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Proceedings Paper

An effective method to detect straight lines from high spatial resolution remotely sensed imagery and its applications for runway extraction
Author(s): Min Wang; Xingyue Zhang
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Paper Abstract

It has always been an important low-level operation to extract edges from images in the fields of computer vision and image procession, in which straight line extraction is typical and representative. Because most man-made spatial objects, e.g. buildings, roads, etc. often take on near straight-line boundaries, extracting straight lines is often the first step to extract these targets. Straight lines can then be looked as the elementary units for other higher level image interpretations. In this paper, a straight line extraction method combining edge detection and depth-first searching on the vector line layer is proposed and applied to extract runways of airports. The steps include: 1) edges are found with the Canny operator and vectorirzed. The reason to use the Canny operator is because it is designed to be an optimal edge detector, which gives very good results on detecting step or slop like edges. It takes as input a grey scale image, and produces as output an image showing the positions of tracked intensity discontinuities. After this operation, we then vectorize the edge points to be a vector layer with edge tracing.2) With the vector-formatted edge lines, the straight line searching can then be carried out. In order to complete this, topology between arcs should be cleaned and rebuilt, which includes the deletion of repetitive, one-node arcs, and splitting on the intersections, etc. 3) Straight lines are detected with the depth-first searching strategy. With the rebuilt topology, we can easily obtain the begin, end nodes of every line. If the distances of its all vertices to the line connecting the begin, end nodes of an arc are less than some pre-defined threshold, it could be looked as a 'straight line' and extracted. Besides, we are certainly only interested in the straight lines with lengths larger than certain threshold, thus a minimum length threshold should be specified to delete these very short lines. In the searching of straight lines, some arcs should be grouped as a single straight line; some un-straight lines should be split to extract its straight parts. The suitable straight lines are outputted to a vector layer after being reselected and re-grouped, with distinguishing short, long isolating, long not isolating straight lines. With all these steps, we can get the initial straight vector line layer. 4) To these lines with small interspaces but locate on a single straight line, we use a simple but effective connecting step to 'fill' the gaps. Starting from the vector layer and with the operations of broken line connecting and parallel line detection, the main airport runway can be well extracted, which helps us to locate and recognize airports from high spatial remotely sensed imagery.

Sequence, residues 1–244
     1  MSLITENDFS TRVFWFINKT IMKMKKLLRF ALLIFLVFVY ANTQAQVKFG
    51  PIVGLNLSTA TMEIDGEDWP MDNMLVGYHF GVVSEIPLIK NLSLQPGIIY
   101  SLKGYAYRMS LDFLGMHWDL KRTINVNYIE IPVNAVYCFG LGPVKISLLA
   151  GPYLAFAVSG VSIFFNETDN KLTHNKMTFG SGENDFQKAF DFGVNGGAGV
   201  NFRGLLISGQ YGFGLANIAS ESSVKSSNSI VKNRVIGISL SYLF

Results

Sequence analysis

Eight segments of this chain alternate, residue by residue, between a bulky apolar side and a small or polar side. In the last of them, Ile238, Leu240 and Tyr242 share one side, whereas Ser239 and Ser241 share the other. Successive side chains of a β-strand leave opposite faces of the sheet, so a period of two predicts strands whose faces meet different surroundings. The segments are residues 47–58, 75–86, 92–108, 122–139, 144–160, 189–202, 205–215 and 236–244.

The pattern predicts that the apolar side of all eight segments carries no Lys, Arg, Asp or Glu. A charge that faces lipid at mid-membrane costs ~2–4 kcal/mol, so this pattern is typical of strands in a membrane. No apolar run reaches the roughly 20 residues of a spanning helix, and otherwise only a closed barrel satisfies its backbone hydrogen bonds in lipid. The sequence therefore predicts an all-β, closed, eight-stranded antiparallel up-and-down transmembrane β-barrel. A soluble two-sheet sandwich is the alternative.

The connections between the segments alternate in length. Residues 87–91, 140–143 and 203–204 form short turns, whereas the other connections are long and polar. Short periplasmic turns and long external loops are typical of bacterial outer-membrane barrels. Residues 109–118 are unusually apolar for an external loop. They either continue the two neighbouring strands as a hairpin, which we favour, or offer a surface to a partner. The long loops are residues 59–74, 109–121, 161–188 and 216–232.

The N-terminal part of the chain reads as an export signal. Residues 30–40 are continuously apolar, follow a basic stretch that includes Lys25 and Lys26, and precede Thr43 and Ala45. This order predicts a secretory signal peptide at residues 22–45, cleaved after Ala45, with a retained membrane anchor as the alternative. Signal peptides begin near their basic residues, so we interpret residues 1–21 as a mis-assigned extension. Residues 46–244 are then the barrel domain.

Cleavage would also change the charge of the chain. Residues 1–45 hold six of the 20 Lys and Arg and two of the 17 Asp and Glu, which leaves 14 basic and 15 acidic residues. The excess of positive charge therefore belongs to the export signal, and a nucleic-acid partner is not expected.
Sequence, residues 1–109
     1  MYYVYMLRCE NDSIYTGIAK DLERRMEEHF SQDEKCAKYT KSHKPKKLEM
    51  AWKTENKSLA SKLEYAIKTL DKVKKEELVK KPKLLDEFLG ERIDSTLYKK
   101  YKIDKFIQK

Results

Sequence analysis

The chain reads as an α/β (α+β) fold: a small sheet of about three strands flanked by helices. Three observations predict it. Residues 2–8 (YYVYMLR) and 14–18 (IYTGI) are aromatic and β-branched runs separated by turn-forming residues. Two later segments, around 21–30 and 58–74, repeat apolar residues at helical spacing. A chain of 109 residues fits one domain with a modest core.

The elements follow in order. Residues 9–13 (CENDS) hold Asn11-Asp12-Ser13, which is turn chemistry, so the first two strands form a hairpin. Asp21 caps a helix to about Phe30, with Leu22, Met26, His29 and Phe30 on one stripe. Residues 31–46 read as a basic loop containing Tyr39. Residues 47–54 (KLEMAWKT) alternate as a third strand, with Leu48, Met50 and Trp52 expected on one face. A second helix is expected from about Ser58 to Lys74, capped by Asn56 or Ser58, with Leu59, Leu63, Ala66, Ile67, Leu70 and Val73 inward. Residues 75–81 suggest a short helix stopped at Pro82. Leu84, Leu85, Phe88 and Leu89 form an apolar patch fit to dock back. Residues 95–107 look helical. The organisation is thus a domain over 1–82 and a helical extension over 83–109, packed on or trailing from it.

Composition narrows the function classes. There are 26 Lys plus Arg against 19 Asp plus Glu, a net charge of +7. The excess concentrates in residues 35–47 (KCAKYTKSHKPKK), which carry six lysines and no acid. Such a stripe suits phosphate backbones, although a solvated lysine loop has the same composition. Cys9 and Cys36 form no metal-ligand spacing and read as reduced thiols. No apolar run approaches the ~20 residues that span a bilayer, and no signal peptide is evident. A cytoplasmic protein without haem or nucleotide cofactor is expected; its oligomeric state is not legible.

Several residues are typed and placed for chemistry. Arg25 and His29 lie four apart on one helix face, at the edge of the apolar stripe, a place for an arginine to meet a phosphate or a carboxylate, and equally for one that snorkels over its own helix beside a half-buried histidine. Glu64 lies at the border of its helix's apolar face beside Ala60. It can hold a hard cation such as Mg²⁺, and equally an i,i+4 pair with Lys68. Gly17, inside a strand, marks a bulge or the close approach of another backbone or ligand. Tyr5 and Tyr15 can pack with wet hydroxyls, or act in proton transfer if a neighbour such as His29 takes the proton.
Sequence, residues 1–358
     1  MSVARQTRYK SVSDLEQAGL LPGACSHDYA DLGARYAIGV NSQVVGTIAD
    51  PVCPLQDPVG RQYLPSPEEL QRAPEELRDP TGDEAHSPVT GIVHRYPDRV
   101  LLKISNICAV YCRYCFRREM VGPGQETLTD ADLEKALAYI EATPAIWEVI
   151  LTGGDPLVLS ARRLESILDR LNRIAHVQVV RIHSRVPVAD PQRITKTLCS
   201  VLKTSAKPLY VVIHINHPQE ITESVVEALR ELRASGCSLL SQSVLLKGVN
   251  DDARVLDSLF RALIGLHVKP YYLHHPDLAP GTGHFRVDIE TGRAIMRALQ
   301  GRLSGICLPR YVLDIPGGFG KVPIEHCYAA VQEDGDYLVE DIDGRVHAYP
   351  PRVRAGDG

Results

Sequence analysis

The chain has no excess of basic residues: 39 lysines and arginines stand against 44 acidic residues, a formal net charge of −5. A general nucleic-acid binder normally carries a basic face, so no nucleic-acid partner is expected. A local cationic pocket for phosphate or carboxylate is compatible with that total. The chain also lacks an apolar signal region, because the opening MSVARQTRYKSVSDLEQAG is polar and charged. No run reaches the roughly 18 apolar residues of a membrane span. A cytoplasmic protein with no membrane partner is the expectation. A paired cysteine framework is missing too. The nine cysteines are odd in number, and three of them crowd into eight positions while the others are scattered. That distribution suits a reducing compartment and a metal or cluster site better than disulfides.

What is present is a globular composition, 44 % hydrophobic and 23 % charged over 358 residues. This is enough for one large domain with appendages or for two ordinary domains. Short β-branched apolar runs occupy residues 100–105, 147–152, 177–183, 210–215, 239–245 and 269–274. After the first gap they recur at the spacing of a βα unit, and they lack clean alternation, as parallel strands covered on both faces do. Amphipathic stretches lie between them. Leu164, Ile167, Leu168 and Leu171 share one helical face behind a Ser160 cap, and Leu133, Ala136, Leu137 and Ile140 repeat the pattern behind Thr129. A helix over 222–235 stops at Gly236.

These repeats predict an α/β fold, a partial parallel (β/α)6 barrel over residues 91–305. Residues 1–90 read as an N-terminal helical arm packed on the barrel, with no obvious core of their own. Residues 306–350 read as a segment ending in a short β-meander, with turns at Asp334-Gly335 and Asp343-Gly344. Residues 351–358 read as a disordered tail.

Paper Details

Date Published: 8 August 2007
PDF: 8 pages
Proc. SPIE 6752, Geoinformatics 2007: Remotely Sensed Data and Information, 67520U (8 August 2007); doi: 10.1117/12.760464
Show Author Affiliations
Min Wang, Nanjing Normal Univ. (China)
Xingyue Zhang, Nanjing Normal Univ. (China)


Published in SPIE Proceedings Vol. 6752:
Geoinformatics 2007: Remotely Sensed Data and Information

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